Wednesday, July 17, 2013

English Muffins

This is a post I've been working on for a looooong time, believe it or not!  I wanted to make sure that I had enough information to share, since English muffins aren't typically something a person has made before.  I have now made these probably a couple dozen times.  The summary of why I make these, if you don't read the whole post- they are delicious and significantly cheaper than store-bought!

The breakfast my husband has most days before work (when the rest of us are still sleeping) is an egg sandwich- with a baked egg patty, reduced-fat sausage patty from Costco, a little grated cheese, and an English muffin.  Seeing as how I make most of our other bread products, I decided to tackle English muffins, as well.  I found this recipe from Alton Brown (Mr. Good Eats) and it works very well!  I altered it very slightly.

The only equipment I needed to buy to make these was English Muffin Rings.  I tried making this recipe using other things as rings, like some suggest, but these work FAR better- and were only 8 bucks.  I have saved more than that already!  Besides that, it is helpful to have a covered electric skillet (good for maintaining even heat) and a large cookie scoop for even portioning.

Last thing- I have made variations of this, as well.  I normally make them with half wheat/half white flour, and sometimes I make them with a little extra sugar and cinnamon.  It's a pretty flexible recipe!

The equipment ready to go

The dough is so wet, it's almost more like a batter

I cook 4 muffins at a time

Finishing up cooking on the 2nd side

You can read more about these muffins on Food Network's website, here.

Price Breakdown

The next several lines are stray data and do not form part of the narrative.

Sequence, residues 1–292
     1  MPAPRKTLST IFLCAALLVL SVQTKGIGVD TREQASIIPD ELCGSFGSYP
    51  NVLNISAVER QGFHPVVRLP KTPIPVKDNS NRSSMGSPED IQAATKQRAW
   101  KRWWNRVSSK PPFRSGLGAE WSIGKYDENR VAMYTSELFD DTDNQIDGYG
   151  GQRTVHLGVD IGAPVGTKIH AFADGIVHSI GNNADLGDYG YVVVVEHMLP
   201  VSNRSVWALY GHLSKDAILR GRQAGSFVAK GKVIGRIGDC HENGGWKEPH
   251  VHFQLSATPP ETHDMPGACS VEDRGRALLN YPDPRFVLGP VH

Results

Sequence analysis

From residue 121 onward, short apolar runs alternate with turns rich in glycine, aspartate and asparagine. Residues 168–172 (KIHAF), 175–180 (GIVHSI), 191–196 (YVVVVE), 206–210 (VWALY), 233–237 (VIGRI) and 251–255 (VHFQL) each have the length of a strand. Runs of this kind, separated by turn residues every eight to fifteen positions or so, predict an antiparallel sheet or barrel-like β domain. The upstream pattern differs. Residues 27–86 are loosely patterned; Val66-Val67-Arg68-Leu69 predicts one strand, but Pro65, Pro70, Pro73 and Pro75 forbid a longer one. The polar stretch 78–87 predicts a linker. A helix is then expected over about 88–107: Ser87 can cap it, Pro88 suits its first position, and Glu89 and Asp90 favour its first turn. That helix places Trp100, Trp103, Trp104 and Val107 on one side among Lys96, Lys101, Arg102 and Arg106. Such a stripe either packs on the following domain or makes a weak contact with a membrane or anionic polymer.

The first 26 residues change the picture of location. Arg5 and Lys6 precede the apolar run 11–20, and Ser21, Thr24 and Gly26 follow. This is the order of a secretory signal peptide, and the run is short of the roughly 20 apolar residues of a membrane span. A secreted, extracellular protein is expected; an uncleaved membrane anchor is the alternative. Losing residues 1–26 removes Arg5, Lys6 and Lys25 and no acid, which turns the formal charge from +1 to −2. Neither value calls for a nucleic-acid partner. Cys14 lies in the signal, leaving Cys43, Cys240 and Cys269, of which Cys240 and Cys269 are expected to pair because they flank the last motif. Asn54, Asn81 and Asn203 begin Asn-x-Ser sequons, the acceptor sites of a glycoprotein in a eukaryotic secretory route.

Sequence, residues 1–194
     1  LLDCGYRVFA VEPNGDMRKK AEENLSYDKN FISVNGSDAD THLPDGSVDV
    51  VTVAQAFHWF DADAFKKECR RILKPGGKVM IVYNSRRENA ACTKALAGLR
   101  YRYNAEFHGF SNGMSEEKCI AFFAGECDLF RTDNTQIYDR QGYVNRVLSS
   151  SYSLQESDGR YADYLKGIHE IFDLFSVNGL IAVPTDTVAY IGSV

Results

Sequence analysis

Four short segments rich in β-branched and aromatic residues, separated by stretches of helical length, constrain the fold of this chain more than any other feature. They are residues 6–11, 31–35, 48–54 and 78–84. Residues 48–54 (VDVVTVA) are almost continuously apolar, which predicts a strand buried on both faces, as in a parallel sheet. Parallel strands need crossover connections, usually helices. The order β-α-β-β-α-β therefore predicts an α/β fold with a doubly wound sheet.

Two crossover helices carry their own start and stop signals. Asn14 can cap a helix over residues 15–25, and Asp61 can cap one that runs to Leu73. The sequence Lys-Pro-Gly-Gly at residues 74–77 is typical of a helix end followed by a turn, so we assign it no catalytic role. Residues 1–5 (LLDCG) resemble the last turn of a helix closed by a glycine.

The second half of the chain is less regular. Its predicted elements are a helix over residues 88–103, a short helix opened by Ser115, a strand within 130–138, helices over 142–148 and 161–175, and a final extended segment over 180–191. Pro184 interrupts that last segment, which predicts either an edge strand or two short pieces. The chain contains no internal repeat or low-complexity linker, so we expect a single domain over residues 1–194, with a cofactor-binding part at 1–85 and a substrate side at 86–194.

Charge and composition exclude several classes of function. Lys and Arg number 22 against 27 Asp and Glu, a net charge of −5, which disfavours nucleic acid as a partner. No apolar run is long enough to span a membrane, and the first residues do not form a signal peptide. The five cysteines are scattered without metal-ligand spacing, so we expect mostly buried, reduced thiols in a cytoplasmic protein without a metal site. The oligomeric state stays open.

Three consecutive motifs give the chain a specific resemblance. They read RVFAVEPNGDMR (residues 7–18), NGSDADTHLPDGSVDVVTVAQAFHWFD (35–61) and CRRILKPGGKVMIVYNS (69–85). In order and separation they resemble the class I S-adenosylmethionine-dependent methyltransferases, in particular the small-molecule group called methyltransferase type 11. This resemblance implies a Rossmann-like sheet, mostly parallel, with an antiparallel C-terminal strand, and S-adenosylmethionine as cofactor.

Yeast 5¢
Powdered Milk 36¢
Sugar 1¢
Salt <1¢
Canola Oil 3¢
All-Purpose Flour 12¢
Wheat Flour 16¢
Water- Free
TOTAL = 73¢ per batch of 8 English Muffins

Weight of one batch: 1 lb. 5 oz.
Price per ounce: 3.5¢

Comparable store-bought English muffins: $1.68 for 14 ounces = 12¢ per ounce

Price Comparison per ounce: 3.5¢ homemade vs. 12¢ store-bought = 71% SAVINGS!

English Muffins
Printable version here

2 1/4 tsp. instant yeast (1 packet)
1 1/8 tsp. granulated sugar, divided
1/2 cup powdered milk
1 tsp. salt
1 tbsp. canola oil (or other neutral-flavored oil)
2 cups flour (I use 1 cup each all-purpose and wheat)

1. In a measuring cup or small bowl, combine and set aside to rest:
  • 2 1/4 tsp. yeast
  • 1/8 tsp. sugar
  • 1/3 cup warm water
2. Meanwhile, combine in a large bowl and stir until dissolved:
  • 1/2 cup powdered milk
  • 1 tbsp. sugar
  • 1 tsp. salt
  • 1 tbsp. canola oil
  • 1 cup hot (but not boiling) water
3. Once yeast mixture is a little bubbly, pour into milk mixture and whisk to combine. (Make sure the milk mixture isn't too hot, as yeast die at temperatures above 130º)  Add to this mixture and stir:
  • 2 cups flour
4. Cover bowl with plastic wrap and let rest in a warm spot for 30 minutes. (I like to turn on my oven for 1-2 minutes while I'm preparing the dough, then I let dough rest in there.)

5. Preheat griddle to 300º (when I use wheat flour, I set the heat just a little under that).  Remove plastic wrap and stir dough thoroughly.

6. Place metal rings onto griddle and coat lightly with nonstick spray. Using large (3 tbsp.) cookie scoop, place 2 scoops into each ring and cover with a lid.  Cook for 4 1/2 to 5 minutes, flip (I like to use 2 flat spatulas for this), then recover and cook 4 1/2 to 5 more minutes. (I do 4:45) Cool on a wire rack, split with fork, and serve.

Yield: 8 muffins
Storage: Store in an airtight container (or zip-top bag) at room temperature for up to 3 days.  Freeze for longer storage.
Recipe Source: Alton Brown/Food Network

Why I love it? Let's see, they're INFINITELY fresher tasting than the kind you buy in a store, there are no preservatives, you can customize them (with different types of flour, using additional seasonings like cinnamon, etc.), and like I said above- SIGNIFICANTLY cheaper! If you're still reading, I will say- these were a little frustrating to make until I got the hang of it, but after making them a few times I figured out what works best, and now I love making them!  Let me know if you have any questions!

Wednesday, July 10, 2013

Simple Guacamole

Guacamole- for me at least, this has been an acquired taste.  I didn't grow up eating it, and while I can still see why some don't like it, it has certainly been growing on me!  I like trying to get healthy fats (like avocado) in our diet, and this is a great way.  I have used this "recipe" as a topping for dishes like enchiladas, as a snack for dipping chips in, and as part of a layered dip.  It has worked great for all of these, and it is EASY!